But the real challenge would come next.

Math. My old nemesis. Quadratic equations. Algebra, Slopes. Geometry. What’s the volume of the cylinder? Shouldn’t be hard. The formula is right there. Easy. 32 cubic inch. Bummer. There is no 32 cubic inch in the answer block. So I am wrong. Ah .. it’s radius and not diameter. So it’s 53 cubic inch. Nope. Try it gain. You get the idea. This time I really had to study hard. I went through the online course twice. Practice exam score: 65% . Not good enough. I looked up YouTube courses to focus on my weak spots. Practice exam score: 75%. Not good enough. I studied for two to three hours every day for a week. Until I consistently hit 90% or better. Time to schedule the exam.

Online went south again. But this time, I didn’t wait to be kicked out and canceled after an hour of technical difficulties. The in-person exam at the university two days later was again .. interesting. No diesel fumes, but an hour or so into the exam they must have tried to tear down a wall. The bangs rippled through the rooms and made the exam so much more interesting.

I barely made it within the allocated time and when I left the test center, I wasn’t sure I had passed. They don’t tell you, you have to wait for the score on the GED website. For the first two exams, I had the score about 10 minutes after the exam. This time, it took about an hour. I was nervous. But I made it. “College ready” level. Yeah.

There was not too much I could do for the “Language Arts” exam. I focused on the essay part and read a number of well scored texts and studied the do’s and don’ts of good essay writing. I went through a number of test exams, found an inconsistency (and reported it) and scored ok.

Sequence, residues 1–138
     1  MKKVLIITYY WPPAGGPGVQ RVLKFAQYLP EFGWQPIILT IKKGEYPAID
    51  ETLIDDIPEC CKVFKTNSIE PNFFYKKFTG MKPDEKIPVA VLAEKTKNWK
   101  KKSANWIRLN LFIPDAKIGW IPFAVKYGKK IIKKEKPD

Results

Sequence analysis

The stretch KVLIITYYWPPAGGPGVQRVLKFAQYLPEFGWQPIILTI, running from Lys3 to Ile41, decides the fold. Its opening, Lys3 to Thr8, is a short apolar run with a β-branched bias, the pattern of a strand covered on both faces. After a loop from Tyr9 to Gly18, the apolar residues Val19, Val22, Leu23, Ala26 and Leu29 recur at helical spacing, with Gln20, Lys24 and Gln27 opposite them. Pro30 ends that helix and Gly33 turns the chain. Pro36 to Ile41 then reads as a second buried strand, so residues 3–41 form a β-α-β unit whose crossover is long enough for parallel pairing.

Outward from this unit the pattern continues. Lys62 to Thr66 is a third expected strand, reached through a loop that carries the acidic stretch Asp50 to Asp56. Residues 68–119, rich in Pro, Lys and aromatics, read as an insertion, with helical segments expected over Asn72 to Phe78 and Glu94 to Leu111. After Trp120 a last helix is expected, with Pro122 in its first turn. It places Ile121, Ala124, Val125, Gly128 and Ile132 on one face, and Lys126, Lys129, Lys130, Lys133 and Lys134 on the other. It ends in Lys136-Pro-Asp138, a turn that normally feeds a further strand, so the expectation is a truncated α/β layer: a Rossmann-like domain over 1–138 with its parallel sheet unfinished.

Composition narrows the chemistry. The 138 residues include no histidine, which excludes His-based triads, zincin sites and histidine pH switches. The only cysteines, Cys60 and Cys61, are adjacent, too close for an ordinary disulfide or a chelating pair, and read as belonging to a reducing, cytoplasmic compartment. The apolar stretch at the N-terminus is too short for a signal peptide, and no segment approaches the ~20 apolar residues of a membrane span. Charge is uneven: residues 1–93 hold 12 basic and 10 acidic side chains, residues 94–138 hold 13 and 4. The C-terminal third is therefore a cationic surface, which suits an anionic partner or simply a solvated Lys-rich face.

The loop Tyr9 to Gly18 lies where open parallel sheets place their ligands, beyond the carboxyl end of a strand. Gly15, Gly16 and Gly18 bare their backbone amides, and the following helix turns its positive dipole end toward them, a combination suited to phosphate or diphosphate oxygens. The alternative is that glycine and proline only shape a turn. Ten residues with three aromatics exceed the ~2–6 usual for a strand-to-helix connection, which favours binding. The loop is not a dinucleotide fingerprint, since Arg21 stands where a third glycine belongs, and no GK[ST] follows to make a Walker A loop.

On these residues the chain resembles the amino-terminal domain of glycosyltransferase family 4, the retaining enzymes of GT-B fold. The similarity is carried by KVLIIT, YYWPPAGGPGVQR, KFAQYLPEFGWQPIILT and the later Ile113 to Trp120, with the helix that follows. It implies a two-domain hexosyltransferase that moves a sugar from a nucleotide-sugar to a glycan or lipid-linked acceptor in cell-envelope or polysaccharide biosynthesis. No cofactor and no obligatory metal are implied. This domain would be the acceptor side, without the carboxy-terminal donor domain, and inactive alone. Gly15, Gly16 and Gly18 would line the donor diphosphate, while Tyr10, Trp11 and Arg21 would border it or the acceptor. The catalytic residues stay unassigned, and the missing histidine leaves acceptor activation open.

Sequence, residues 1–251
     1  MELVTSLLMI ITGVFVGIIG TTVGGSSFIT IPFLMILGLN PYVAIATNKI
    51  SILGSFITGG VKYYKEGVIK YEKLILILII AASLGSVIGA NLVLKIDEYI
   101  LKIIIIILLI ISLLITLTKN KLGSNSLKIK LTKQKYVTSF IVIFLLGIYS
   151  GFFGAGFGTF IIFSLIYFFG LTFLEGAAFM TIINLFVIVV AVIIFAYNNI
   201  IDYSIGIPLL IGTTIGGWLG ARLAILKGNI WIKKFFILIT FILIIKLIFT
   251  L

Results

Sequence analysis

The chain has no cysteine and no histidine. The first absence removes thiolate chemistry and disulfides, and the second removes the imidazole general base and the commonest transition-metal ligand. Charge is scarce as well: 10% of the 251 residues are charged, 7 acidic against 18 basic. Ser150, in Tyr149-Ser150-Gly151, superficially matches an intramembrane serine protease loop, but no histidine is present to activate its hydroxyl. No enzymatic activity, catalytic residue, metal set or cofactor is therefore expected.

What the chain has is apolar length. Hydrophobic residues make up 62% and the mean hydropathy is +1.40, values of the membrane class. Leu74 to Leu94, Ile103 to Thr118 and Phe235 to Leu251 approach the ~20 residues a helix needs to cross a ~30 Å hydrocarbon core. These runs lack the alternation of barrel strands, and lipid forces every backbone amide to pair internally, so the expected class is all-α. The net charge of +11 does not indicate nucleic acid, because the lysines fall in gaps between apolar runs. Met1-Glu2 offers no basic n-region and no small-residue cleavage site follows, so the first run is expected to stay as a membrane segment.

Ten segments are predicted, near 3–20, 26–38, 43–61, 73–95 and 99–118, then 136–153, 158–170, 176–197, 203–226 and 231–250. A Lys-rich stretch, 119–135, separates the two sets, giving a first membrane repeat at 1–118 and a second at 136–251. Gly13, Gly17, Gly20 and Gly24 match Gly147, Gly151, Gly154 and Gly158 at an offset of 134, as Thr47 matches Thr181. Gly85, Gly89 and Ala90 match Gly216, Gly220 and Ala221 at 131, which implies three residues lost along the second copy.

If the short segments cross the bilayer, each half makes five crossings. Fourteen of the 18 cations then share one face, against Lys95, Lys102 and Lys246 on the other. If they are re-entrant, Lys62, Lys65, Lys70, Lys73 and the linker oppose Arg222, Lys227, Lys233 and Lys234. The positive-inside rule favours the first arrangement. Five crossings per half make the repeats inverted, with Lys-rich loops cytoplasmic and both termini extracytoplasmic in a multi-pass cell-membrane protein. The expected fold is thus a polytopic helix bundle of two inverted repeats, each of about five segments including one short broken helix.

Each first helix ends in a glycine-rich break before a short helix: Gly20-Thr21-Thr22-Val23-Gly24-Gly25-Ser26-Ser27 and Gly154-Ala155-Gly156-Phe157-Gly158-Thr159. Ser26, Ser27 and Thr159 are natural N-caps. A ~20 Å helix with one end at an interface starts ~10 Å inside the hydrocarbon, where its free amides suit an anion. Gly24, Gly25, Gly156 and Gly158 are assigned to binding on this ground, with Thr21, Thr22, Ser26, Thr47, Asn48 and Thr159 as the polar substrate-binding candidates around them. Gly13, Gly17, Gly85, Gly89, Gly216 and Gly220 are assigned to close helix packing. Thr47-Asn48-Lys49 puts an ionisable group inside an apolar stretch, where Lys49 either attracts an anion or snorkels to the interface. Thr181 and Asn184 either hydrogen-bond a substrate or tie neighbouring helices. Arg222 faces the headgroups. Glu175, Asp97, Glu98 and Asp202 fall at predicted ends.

The image is from an “onsego” test exam. The green answer is supposed to be correct but it isn’t. The text doesn’t say that Drake died in an accident (he actually caught a disease).

Time for the final exam. This time, online worked fine. And I passed – again with a “College Ready” score I had my GED certification. In less than four weeks.

My EMT college course is back on track.

Here’s what I learned (beside the stuff I had to get into my brain in order to pass the GED): The exams are harder than the tests. Almost all exams have a number of easy to solve problems, some intermediate questions and a number of tough ones. I have to admit: I had to guess sometimes, especially in “Social Studies” and “Language Arts”. The possible answers are so close that I couldn’t really tell which ones were the correct ones.

There is only one organization / company proctoring the GED – Pearson Education. All of their proctors and support stuff speak with a more or less noticeable Indian accent. They are, at times, really hard to understand. The “Online Exam” is a very convenient way to do the test. But it seems to be technically fragile. Sometimes everything works fine, sometimes it doesn’t work at all. If you think about cheating .. forget about it. If they hear so much as a paper rustling, you’re out. Your web cam records you (and all the sounds in your room) at all times during the exam. And frankly – I wouldn’t even know what I would cheat for? The math formulas are provided, so is a (online) calculator. Everything you need in order to answer the questions is provided.

All in all I paid about $300 for all test exams, study materials and the exams.

Training courses and text exams: https://onsego.com/ ( $$$ )
Math training: https://www.lightandsaltlearning.org/ ( free )